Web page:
June 13, 2017
by Carla Johnson
I’ve written many times before that no company can deliver remarkable customer experiences without an eye to employees and their level of engagement. Marketing and sales often make promises and write emotional checks on which employees never deliver. It’s not that they can’t deliver, but rather, they don’t want to because of how they’re treated every day when they walk through the door.
Think about this, for a second.
What’s it like to get stuck in a conversation with an incredible bore who drones on and on, and doesn’t give a squat about what matters to you?
Your mind goes to a million more interesting things and you couldn’t recall the conversation if you had to. Every time you see that person, you check out and go through the motions. That person doesn’t care about you and what matters in your world. They’re self-absorbed and lack empathy.
That’s exactly what employees feel when company leadership and managers treat them the same way. If you want employees to care about you as a leader and the success of the company, you first have to show you have empathy for them as a person.
The 2017 Businessolver Workplace Empathy Monitor points out a crucial weakness in corporations today – the empathy gap. The empathy gap is the delta between what employees and business leaders feel about empathy, why it’s important and how to effectively show it.
What empathy is (and isn’t)
Empathy is the ability to see the world through someone else’s eyes. But that’s a lot easier said than done in the hectic day-to-day, get-it-done-yesterday demands of our work. Especially when it comes to a multi-generational employee population that wants different things from their work experience.
It’s more than freebies (donuts and foosball tables) and corporate social responsibility. Empathy is about giving people the flexibility to have more control over where, when and how they work. In this year’s survey, 95% of employees said that flexible work hours and location are some of the best ways to show empathy. Unfortunately, only 38% of employees say their company offers flexible work hours or location.
While corporate social responsibility programs are great and help employees take pride in the companies for which they work, it’s important to have empathy at ‘home’ before a brand goes out to make the world a better place. Treating employees well and caring for their mental and physical health shows employer empathy.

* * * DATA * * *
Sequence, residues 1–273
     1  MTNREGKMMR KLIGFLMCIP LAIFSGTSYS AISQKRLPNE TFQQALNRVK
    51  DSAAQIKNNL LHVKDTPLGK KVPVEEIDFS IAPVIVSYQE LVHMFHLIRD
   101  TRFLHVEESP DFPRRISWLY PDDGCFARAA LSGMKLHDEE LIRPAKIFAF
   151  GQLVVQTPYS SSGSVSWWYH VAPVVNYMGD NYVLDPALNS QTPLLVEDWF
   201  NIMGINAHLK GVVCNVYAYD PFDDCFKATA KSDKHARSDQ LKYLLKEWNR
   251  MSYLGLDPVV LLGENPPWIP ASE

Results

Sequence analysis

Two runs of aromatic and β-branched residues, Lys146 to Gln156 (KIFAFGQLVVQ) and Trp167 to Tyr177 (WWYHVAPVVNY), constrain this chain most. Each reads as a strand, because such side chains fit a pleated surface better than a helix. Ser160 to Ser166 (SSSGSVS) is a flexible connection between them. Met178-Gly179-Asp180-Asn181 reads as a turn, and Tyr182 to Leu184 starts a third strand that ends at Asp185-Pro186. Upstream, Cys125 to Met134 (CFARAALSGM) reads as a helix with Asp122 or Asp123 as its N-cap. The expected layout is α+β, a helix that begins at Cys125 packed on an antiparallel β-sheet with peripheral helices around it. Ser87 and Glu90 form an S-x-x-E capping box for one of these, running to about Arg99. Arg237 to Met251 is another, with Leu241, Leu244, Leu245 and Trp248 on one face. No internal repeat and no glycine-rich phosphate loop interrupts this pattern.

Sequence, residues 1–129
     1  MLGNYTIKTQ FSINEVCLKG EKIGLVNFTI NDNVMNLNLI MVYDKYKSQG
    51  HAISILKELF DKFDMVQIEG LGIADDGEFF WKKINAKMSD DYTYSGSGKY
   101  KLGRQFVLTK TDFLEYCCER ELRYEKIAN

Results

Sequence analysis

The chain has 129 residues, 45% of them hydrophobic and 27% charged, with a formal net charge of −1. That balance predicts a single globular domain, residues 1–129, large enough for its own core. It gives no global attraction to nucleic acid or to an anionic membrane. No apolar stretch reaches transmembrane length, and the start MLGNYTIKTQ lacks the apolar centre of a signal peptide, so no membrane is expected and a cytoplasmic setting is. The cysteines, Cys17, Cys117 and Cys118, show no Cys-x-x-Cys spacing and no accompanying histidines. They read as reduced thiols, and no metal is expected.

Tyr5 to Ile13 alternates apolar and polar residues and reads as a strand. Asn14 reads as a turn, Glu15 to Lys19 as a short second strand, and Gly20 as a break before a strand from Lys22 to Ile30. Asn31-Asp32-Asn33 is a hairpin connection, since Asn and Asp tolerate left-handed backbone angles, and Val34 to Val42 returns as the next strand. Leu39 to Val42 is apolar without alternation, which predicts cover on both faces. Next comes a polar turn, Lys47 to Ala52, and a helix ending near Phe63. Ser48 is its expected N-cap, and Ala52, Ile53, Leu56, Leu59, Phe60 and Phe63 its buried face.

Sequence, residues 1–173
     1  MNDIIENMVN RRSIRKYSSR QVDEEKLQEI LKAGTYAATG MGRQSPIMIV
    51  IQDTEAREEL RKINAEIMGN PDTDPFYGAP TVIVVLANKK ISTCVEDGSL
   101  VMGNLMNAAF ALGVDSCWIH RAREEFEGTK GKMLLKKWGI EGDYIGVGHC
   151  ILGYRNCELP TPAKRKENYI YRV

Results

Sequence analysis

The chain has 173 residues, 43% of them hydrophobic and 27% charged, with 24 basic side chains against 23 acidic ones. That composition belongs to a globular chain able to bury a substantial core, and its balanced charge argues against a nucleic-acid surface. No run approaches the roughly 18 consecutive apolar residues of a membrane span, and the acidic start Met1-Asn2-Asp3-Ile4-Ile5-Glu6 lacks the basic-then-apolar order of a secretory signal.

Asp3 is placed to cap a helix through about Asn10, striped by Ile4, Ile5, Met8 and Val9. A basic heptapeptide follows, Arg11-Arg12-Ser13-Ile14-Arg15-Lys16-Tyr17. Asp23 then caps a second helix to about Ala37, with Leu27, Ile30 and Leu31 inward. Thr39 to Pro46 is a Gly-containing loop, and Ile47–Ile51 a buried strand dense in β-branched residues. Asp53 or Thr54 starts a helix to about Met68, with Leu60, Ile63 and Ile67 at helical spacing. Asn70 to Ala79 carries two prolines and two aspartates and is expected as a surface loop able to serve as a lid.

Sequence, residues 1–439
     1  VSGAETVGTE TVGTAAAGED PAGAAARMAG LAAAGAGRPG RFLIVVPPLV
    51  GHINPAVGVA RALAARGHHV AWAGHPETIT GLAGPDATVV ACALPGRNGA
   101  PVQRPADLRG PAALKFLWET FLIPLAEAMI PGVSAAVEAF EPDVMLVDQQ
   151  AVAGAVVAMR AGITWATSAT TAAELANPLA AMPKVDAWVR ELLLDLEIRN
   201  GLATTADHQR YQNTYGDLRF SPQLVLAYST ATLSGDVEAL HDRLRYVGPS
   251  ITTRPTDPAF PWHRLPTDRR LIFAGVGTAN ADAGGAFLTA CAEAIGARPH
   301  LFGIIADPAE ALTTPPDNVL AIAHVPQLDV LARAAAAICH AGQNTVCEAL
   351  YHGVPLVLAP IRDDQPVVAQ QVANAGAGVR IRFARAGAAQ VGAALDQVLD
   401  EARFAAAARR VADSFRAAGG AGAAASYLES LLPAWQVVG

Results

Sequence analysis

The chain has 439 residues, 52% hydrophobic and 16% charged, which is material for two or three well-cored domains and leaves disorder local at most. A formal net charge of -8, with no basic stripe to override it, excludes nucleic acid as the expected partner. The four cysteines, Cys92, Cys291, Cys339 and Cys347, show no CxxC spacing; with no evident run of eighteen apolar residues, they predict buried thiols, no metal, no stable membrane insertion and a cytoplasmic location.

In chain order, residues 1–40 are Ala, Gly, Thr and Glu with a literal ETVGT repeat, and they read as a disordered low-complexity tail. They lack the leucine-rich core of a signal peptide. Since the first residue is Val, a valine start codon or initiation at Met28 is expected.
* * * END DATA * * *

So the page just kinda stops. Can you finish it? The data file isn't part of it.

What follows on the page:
Companies that believe in the power of empathy use four practices as the cornerstone of their empathy efforts:
- Hiring: Granted, empathy is something that people can learn. But if organizations tile hiring practices toward people who are naturally empathetic, then these traits grow organically and tend to be more ingrained in the culture.
- Training: Behavior that’s reinforced becomes a priority. Getting leaders and managers to become empathetic means continually training them on how to do just that. Develop opportunities for people to share how they’ve added greater empathy in how they approach their work so they can learn from each other. Not everything requires trial and error, especially when it comes to how people feel about working for your company.
- Personalizing: As workforce diversity grows, so does our need for personalization. Even when it comes down to expressing empathy. Walking in the shoes of employees doesn’t mean that everyone feels the same or they prefer similar shoes. Generic empathy isn’t empathy. It’s condescension and it only makes things worse.
- Measuring: You know the saying, “what matters gets measured”? To get empathy to matter within a company, begin to measure it. Seventy-nine percent of people who responded said empathy should be measured in performance discussions. In addition, look for opportunities to reward people who show empathy toward others, and leaders who practice what they preach.
Let’s face it, companies aren’t going to begin oozing empathy overnight. It takes time to change culture. But with the tremendous hit that companies take to their bottom because of poor customer experience, it’s time to re-evaluate not only how we treat our customers, but how we treat the people who serve our customers.
Download the full report
About Carla Johnson
Carla Johnson is a world-renowned storyteller, an entertaining speaker, and a prolific author.
Over the last two decades, Carla has helped architects and actuaries, executives and volunteers, innovators and visionaries leverage the art of storytelling to inspire action. Her work with Fortune 500 brands hasn’t gone unnoticed and the latest of her seven books, Experiences: The 7th Era of Marketing, sets the benchmark for a new era in marketing. Named one of the top 50 women in marketing and the chair of the ANA’s Business Marketing Association, Carla regularly challenges conventional thinking.
Today, Carla travels the world teaching anyone (and everyone) how to cultivate idea-driven teams that breed unstoppable creativity and game-changing innovation.